The narrative depicted in the fresco and the process of its creation are inextricably combined; its art is a beautiful coordination of mind, body, and chemistry. Beyond the dialogue, the research, and the careful planning, the spatial intelligence required boggles the mind. It required a constant adjustment of figures in relation to one another and to the space. To visualize some of the more complicated overlapping figures, Vigil created still-life dioramas in which oranges and apples stood in for Olmec heads or wagons on the Camino Real. When he began outlining the figures on the wall from his sketches, he realized that he hadn’t calculated enough for the curvature of the wall; he was 50 square feet short. So he had a small, to-scale sheet metal version of El Torreón built, and adjusted again.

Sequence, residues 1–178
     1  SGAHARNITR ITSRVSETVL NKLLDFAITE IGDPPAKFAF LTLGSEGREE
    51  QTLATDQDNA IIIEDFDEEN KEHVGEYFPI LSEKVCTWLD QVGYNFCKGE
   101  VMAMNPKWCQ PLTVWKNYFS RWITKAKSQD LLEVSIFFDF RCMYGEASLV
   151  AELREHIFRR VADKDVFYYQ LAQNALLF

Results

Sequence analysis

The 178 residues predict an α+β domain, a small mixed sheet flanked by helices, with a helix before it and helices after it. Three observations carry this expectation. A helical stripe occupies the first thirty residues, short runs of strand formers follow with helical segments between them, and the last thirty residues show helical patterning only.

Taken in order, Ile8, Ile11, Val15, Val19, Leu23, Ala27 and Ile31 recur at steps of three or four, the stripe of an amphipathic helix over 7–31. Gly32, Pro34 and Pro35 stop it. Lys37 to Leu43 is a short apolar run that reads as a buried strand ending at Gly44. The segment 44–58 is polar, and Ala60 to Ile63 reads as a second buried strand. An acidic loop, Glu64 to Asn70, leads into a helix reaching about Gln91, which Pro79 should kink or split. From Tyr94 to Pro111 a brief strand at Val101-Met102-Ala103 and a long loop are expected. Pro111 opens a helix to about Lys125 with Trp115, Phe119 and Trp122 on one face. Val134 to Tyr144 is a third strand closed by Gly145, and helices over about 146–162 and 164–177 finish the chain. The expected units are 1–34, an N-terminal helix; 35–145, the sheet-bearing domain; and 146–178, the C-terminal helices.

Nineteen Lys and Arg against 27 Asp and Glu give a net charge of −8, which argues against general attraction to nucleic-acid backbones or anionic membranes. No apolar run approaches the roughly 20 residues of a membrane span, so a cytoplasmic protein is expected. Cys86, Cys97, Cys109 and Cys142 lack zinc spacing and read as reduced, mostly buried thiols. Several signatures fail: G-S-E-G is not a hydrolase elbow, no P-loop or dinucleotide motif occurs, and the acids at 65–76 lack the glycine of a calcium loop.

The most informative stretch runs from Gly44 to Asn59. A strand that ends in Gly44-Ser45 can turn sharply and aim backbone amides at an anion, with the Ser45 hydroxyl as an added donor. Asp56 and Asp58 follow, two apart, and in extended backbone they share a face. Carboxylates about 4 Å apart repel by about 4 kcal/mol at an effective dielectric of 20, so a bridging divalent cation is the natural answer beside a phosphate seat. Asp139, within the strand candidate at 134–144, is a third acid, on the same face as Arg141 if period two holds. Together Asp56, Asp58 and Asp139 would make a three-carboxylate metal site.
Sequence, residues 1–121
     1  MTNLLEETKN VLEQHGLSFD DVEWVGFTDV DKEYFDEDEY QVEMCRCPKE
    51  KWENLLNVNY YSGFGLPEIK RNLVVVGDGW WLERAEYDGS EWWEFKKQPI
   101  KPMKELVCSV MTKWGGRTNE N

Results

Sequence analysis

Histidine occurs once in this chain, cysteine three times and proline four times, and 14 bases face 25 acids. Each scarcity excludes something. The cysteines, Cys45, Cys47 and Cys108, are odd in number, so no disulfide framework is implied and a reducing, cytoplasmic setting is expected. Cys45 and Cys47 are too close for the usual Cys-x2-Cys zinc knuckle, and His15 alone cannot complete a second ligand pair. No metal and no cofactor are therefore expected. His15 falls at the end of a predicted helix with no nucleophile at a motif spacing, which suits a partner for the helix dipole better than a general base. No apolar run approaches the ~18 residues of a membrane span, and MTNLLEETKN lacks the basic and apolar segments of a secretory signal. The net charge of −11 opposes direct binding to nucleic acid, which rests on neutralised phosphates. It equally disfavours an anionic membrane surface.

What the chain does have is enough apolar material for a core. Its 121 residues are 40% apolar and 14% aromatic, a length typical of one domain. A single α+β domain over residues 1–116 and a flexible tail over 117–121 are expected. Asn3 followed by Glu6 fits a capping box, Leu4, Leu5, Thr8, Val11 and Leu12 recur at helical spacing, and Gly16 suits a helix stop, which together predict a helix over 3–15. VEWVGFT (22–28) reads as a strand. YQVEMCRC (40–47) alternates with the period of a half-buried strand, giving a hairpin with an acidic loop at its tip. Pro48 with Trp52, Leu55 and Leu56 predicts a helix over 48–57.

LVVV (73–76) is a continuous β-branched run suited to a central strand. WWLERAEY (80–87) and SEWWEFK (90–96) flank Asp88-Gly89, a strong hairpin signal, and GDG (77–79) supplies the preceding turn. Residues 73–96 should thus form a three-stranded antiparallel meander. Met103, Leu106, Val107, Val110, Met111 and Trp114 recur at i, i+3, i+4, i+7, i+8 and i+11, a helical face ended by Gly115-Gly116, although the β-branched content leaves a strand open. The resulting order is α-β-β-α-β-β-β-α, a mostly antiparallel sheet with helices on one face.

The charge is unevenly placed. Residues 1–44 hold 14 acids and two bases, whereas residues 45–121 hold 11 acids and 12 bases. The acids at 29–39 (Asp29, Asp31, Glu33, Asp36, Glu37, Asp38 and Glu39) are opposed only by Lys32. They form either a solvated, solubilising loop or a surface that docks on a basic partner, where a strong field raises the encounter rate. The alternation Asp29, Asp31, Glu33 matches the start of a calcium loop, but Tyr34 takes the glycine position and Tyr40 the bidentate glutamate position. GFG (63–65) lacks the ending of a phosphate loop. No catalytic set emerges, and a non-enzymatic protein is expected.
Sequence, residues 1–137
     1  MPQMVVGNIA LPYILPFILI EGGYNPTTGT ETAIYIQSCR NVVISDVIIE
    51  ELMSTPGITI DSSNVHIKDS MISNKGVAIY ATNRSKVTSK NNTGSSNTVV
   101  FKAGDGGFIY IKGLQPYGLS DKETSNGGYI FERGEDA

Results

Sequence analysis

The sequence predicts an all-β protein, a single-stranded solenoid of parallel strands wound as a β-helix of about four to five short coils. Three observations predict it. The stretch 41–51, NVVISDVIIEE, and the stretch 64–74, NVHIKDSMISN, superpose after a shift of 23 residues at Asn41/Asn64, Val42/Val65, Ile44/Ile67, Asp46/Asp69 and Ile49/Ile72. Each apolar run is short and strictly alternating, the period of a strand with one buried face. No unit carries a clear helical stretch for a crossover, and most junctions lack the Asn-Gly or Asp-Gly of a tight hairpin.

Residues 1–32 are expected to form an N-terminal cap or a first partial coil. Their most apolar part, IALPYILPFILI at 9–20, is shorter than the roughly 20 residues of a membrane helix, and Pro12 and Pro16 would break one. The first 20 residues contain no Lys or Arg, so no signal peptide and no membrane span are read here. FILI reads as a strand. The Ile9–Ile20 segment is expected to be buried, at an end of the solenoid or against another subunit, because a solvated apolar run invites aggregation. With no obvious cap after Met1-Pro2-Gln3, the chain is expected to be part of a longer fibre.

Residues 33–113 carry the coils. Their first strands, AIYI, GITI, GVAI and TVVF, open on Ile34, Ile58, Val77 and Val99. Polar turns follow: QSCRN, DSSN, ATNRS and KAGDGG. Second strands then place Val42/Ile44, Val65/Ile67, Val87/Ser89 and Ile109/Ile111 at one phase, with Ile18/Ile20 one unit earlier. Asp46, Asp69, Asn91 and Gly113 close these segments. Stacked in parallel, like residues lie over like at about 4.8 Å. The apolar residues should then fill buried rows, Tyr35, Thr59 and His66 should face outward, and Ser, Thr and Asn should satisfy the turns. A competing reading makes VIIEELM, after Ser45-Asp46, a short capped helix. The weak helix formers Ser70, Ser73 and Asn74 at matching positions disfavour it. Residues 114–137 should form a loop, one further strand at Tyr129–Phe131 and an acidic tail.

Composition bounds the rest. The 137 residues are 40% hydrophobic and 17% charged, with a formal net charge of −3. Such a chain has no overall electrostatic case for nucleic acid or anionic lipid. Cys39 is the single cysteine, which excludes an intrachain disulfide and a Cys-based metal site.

After designs were done, there was the heavy labor of mixing tons of sand and lime, ascending scaffolding (Vigil praised his luck of getting a Genie lift for much of the painting), plastering four layers of quicklime, and tracing the vast outlines of figures onto the wall. Then, Vigil made cartunes (cartoons) by tracing over the outlines on paper and rendering them in full color. Then he applied a final, smoother layer of plaster called intonacco. While it was wet, he placed the cartoon on top of the plaster and punched holes through the paper to create a connect-the-dots outline in the intonacco. If those small perforations fill with water, or he needs more definition, Vigil uses his thumbnail to trace silhouettes in the plaster. After all this preparation, the painting is ready to begin.